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African Americans, more than any other populations in the Americas, have been shaped by migrations. Their culture and history are the products of black peoples' various movements, coerced and voluntary, that started, in the Western Hemisphere, five hundred years ago. Theirs is the story of men and women forced out of Africa; of enslaved people moved from the coastal southeast to the Deep South; of fugitives walking to freedom across the country and beyond; of colonists leaving their land to settle on foreign shores; of southerners migrating west and north; and of immigrants arriving from the Caribbean, South America, and Africa.
Although the Atlantic slave trade has created an enduring image of black people as transported commodities, and is usually considered the single element in the construction of the African Diaspora, it is centuries of additional migrations that have given shape to the nation we know today, a nation different from that forged solely by the dreadful transportation of the Africans against their will. And it is this vast array of migrations that truly defines the African American experience. Always on the move, resourceful, and creative, men and women of African origin have been risk-takers in an exploitative and hostile environment. Their survival skills, efficient networks, and dynamic culture have enabled them to thrive and spread, and to be at the very core of the settling and development of the Americas. Their migrations have changed not only their world, and the fabric of the African Diaspora but also their nation and the Western Hemisphere.
Between 1492 and 1776, an estimated 6.5 million people migrated to the Americas. More than 5 out of 6 were Africans. The major colonial labor force, they laid the economic and cultural foundations of the continents. Their migrations continued during and after slavery. In the United States alone, 6.5 million African Americans left the South for northern and western cities between 1916 and 1970. With this internal Great Migration, the most massive in the history of the country, African Americans stopped being a southern, rural community to become a national, urban population.
The men and women of the Great Migration not only transformed the cities they settled in, but their neighborhoods became primary destinations for black people arriving from the Caribbean, Africa, and South America. These immigrants often retained their national and ethnic identities, and brought new resources into the African American community. With each wave of migration, changes in the demographic, cultural, religious, economic, and political life of the recipient communities occurred; and the nation's development has been inextricably linked with these movements.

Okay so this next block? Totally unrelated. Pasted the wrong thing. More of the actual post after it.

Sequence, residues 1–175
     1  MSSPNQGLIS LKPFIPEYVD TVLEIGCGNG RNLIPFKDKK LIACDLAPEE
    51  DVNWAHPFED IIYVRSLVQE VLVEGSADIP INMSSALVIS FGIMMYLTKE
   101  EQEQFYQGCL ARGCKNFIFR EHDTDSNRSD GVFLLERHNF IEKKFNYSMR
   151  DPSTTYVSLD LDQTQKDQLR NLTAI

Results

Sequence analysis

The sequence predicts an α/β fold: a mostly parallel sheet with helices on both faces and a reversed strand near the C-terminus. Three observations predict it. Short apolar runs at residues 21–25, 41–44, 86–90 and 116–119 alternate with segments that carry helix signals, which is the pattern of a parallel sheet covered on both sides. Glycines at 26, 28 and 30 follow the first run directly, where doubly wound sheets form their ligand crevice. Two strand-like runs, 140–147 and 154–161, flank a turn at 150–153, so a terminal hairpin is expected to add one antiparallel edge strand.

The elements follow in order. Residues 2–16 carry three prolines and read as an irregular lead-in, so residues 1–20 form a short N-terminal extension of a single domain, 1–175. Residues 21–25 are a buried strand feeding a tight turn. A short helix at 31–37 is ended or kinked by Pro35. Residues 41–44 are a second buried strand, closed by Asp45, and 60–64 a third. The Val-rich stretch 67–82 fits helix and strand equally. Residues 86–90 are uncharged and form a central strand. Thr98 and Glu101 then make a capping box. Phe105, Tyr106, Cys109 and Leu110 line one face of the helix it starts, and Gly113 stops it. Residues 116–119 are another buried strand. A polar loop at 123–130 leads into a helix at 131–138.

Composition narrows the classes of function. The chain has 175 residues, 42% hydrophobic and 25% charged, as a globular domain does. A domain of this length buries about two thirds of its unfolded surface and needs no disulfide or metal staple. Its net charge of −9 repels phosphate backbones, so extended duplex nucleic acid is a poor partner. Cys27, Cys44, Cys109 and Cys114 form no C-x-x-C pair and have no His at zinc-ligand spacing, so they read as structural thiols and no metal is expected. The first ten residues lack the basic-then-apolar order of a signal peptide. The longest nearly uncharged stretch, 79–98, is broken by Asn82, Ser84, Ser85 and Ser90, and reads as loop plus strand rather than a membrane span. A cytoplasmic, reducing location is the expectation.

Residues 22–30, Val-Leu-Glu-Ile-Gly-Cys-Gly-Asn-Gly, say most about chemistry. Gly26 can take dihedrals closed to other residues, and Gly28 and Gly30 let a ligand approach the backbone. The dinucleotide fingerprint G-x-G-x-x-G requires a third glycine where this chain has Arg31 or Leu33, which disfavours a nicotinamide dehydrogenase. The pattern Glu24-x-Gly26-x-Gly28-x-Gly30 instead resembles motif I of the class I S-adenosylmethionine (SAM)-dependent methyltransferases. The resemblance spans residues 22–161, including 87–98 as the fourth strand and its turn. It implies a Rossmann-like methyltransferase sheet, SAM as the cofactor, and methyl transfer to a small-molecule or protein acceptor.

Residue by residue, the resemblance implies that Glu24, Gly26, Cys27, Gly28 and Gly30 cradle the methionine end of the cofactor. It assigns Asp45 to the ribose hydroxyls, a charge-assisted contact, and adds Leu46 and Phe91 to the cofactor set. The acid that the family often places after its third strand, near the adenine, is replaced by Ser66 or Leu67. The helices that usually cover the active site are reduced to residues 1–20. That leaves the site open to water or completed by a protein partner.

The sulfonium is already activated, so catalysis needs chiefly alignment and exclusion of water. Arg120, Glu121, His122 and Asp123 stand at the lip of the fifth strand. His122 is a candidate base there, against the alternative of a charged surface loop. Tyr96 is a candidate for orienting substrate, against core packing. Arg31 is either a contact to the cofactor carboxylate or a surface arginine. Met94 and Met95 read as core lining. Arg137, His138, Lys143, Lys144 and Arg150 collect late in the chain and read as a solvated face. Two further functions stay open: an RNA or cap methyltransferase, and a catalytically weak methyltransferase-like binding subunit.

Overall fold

At the same time, from the earliest days, thousands of African Americans have left their country when it became apparent that they would not find at home the freedom and equality they aspired to. Their quest for liberty and better opportunities took them to Canada, Mexico, the Caribbean, and Africa. African American out-migration has now become insignificant, but black popular culture, created out of the diverse influences brought about by centuries of movement, resonates throughout the world in an unprecedented cultural migration.
Today's 35 million African Americans are heirs to all the migrations that have formed, modeled, and transformed their community, the country, and the African Diaspora. They are the offspring of diverse African ethnicities who also include, in their genetic makeup, Europeans, Native Americans, and Asians. They represent the most diverse population in the nation. A population that has embraced its varied heritage built by millions of men and women constantly on the move, looking for better opportunities, starting over, paving the way, and making sacrifices for future generations.
|Publisher:||National Geographic Society|
|Product dimensions:||9.35(w) x 11.15(h) x 0.80(d)|
About the Author
Howard Dodson is an academic dedicated to preserving African-American history. The director of Howard University’s Moorland-Spingarn Research Center and libraries, he is a former Emory University professor and the Schomburg Center for Research in Black Culture director who has written many influential books about the African-American experience, including In Motion, Jubilee, and Becoming American.
Sylviane A. Diouf is an award-winning historian of the African diaspora, as well as the director of the Lapidus Center for the Historical Analysis of Transatlantic Slavery at the New York Public Library’s Schomburg Center for Research in Black Culture. To learn more, visit sylvianediouf.com or follow @sylvianeanna on Twitter.